Fertility Education for Young People – Let’s get it on the curriculum.
It seems that every few weeks another big fertility story is hitting the media. This last week it was again in relation to (the much sensationalised headlines) why you should have a baby before 30. Like Kirsty Allsopp before her, Professor Geeta Nargund bravely put her head above the parapet to highlight this issue.
As expected Prof. Nargund was met with a media backlash and accused of scaremongering and this I saw first hand in the disgruntled posts on the subject in my Facebook Fertility Support Group. However, once again the media has done a sterling job in producing over sensationalised headlines, which misguided readers in to totally missing the point.
Prof. Nargund is campaigning for fertility education for young people. It’s no secret that infertility rates in the UK are on the rise and to help stop this steep ascent, young people need access to early fertility education.
I support Prof. Nargund in her crusade to get fertility education on the curriculum in schools. Sex and relationship education is always a contentious issue. Parents are very often reluctant for their children to receive this knowledge, concerned that talking about sex will encourage their child to have sex. In the Netherlands, the Dutch are very open in talking about sex with young people and as a result they have the lowest teenage pregnancy rate in Europe. In the UK – we have the highest. In recent years we have been successful in reducing teenage pregnancies, due to our increased efforts in talking to young people. Given the chance, we can do the same with infertility.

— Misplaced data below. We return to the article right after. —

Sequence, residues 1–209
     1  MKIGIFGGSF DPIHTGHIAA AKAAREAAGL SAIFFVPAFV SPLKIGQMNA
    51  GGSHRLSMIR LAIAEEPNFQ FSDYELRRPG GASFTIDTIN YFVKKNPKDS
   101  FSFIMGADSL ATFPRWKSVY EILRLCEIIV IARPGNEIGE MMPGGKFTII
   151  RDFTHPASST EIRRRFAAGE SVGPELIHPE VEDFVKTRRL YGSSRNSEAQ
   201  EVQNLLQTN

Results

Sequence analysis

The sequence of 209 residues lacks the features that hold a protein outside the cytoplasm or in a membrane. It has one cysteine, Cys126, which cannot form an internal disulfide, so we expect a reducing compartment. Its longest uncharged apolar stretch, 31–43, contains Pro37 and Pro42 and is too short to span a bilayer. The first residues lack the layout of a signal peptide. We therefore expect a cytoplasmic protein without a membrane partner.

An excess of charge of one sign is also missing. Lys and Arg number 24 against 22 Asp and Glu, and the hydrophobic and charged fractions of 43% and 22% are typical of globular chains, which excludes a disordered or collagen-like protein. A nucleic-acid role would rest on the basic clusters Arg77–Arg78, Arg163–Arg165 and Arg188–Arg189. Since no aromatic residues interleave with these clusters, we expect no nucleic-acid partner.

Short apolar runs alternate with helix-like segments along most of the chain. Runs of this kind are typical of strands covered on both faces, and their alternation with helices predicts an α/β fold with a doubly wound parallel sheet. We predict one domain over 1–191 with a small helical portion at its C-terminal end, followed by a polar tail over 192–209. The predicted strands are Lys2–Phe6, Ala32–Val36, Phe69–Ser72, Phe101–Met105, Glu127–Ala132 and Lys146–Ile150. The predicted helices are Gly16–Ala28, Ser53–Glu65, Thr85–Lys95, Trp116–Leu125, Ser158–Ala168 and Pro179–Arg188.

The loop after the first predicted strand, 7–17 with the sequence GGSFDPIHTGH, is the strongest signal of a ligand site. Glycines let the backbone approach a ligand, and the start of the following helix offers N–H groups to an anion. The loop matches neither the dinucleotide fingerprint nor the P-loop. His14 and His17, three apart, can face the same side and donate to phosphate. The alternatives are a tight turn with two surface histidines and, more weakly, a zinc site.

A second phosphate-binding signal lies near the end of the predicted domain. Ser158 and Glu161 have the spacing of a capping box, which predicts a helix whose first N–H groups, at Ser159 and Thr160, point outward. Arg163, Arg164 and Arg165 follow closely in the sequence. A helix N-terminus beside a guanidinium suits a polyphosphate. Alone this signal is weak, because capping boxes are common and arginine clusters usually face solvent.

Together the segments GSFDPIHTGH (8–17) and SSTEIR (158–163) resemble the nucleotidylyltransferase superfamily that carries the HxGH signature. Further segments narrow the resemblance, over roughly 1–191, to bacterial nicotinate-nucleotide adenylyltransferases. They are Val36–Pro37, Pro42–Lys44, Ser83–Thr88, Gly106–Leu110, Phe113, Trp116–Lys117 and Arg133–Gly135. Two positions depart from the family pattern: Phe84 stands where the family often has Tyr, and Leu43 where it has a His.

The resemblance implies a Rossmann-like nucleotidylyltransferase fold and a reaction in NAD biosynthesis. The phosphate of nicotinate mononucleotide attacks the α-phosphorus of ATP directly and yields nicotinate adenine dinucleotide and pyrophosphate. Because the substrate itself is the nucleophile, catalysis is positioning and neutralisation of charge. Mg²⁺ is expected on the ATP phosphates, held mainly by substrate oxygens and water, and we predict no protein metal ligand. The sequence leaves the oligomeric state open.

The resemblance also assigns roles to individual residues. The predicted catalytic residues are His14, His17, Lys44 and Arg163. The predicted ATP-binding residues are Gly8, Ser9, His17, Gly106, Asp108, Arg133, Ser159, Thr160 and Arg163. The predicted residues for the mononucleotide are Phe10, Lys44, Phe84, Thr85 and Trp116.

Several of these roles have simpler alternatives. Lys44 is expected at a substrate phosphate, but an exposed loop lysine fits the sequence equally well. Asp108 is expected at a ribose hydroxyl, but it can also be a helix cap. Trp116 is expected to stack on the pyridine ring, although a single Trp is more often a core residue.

For many years, I have had the pleasure of talking about sex and relationships to young people in schools. I would dearly love the opportunity to add fertility to my discussions. I would tell a young woman that if she binge drinks regularly in her 20’s she may increase the likelihood to developing Polycystic Ovarian Syndrome or that if she smokes that she serves to age her ovaries. If she makes the choice to have numerous sexual partners she runs the risk of contracting the prevalent sexually transmitted infection Chlamydia, that can silently destroy her fertility.
I too, am campaigning to get fertility on the curriculum and have made my intentions known to the Education Secretary Nicky Morgan. It will be a long campaign against voices that accuse us of scaremongering, but if the opportunity to speak openly and honestly about fertility just prevented one woman’s life from crashing down around her, then it would all be worth it.
If you too would like to support this campaign, please follow me on Twitter and retweet my tweets on the subject.
Thank you for helping us reduce the pain caused by infertility.